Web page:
“A free race cannot be born of slave mothers.”
Margaret Sanger was an American birth control activist, sex educator, writer, and nurse, born in 1879.
She popularized the term “birth control,” opened the first birth control clinic in the United States, and established organizations that evolved into Planned Parenthood.
Before you say, “No! I oppose this blog because Planned Parenthood is where all the murdering of the babies happen,” that’s not how it started. Sanger was actually against abortion, but strongly advocated for birth control.
Sanger was 1 of 11 children. In 22 years her mother, Anne Higgins, was pregnant 18 times, producing 7 miscarriages and died at 49.
Get it now?
No? Let me explain.
Women had a very different role in society back then, her ideas weren’t for careless women having a fling at a bar, but married women undergoing more pregnancies than their body could handle.
Birth control was illegal, women weren’t allowed to say no to their husbands, which resulted in miscarriages and self-induced abortions that often leaded to hemorrhaging and death.
None of this should be news to anyone, but if it is, I’m not here to judge you.
In those times, women were walking, talking, vassals bound by both religion and law.
In 1914, Sanger launched The Woman Rebel, an eight-page monthly newsletter which promoted contraception using the slogan “No Gods, No Masters.”
Sanger, collaborating with anarchist friends, popularized the term “birth control” as a more candid alternative to “family limitation.”
This was of course, indecent and unbecoming behavior for a woman, so Sanger was indicted for violating postal obscenity laws, but instead fled to England. While in exile she researched contraception methods used in Europe that could be brought to America.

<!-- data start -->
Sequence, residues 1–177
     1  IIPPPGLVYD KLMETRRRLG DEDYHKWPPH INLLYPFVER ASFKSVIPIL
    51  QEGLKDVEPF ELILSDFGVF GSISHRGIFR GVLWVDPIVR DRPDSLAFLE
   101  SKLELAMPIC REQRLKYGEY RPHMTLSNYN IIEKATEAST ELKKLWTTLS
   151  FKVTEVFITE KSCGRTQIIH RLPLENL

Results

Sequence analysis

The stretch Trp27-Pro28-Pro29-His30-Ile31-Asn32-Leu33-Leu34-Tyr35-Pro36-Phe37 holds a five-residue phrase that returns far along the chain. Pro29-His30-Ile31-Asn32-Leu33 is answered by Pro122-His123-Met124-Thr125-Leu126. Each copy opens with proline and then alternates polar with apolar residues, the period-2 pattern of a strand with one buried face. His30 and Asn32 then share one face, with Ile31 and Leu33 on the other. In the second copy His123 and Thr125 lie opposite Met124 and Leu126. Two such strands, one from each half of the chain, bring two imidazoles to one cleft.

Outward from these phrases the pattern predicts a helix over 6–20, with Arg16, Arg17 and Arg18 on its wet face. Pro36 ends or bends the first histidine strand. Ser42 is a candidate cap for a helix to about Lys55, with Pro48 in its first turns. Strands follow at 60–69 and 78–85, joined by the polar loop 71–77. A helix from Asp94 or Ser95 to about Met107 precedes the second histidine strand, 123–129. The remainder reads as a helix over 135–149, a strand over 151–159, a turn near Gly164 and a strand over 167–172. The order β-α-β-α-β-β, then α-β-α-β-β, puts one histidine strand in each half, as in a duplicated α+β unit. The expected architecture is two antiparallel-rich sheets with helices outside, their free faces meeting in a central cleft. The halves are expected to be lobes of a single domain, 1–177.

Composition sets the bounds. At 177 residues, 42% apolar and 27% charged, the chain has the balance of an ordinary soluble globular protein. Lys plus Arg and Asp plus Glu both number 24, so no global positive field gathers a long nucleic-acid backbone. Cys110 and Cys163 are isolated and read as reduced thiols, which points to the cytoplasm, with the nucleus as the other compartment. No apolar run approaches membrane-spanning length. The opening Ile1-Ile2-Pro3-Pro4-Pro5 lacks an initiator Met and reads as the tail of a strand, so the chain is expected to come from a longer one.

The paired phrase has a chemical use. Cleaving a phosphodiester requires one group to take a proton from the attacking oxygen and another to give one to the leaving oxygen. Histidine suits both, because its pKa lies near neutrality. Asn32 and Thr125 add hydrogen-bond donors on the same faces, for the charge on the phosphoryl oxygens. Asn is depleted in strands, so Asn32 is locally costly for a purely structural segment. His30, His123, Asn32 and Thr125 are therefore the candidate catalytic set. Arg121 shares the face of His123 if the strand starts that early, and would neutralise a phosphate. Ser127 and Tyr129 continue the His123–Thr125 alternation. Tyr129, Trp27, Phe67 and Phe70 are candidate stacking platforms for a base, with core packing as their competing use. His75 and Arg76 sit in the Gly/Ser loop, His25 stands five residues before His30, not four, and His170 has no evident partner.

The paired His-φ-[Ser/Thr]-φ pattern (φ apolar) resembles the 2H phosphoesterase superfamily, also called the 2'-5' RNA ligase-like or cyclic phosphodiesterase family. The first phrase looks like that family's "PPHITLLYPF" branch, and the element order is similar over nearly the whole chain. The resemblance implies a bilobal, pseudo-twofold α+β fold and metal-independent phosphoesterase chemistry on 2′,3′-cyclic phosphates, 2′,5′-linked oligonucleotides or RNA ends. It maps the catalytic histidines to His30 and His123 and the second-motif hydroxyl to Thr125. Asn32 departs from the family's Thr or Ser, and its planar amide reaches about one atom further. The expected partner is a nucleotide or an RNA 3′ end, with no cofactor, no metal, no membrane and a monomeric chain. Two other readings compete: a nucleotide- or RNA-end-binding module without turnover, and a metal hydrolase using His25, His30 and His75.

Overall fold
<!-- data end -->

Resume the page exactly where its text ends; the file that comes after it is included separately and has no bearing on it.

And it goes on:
Sanger returned and went on to open the world’s first birth control clinic in New York City. Naturally, she was arrested a few days later and the clinic was shutdown. Her charge was a violation of the Comstock obscenity laws, which prohibited literature involving contraceptive methods.
The trial judge held that women did not have “the right to copulate with a feeling of security that there will be no resulting conception,” so she was convicted and sentenced to 30 days in a workhouse.
An initial appeal was rejected, but in a subsequent court proceeding in 1918, the birth control movement won a victory when Judge Frederick E. Crane of the New York Court of Appeals issued a ruling which allowed doctors to prescribe contraception.
The publicity surrounding Sanger’s arrest, trial, and appeal sparked birth control activism across the United States and earned the support of numerous donors, who would provide her with funding and support for future endeavors.
Her long, extensive career champion women’s rights led to many awards, and 31 Nobel Peace Prize nominations.
Sanger died in 1966 of congestive heart failure, about a year after the Griswold v. Connecticut case that legalized birth control in the United States.
She was a force to be reckoned with, the champion of reproductive and women’s rights, and one bad ass bitch.
To see more work by Michelle Bir visit her website at: birtography.com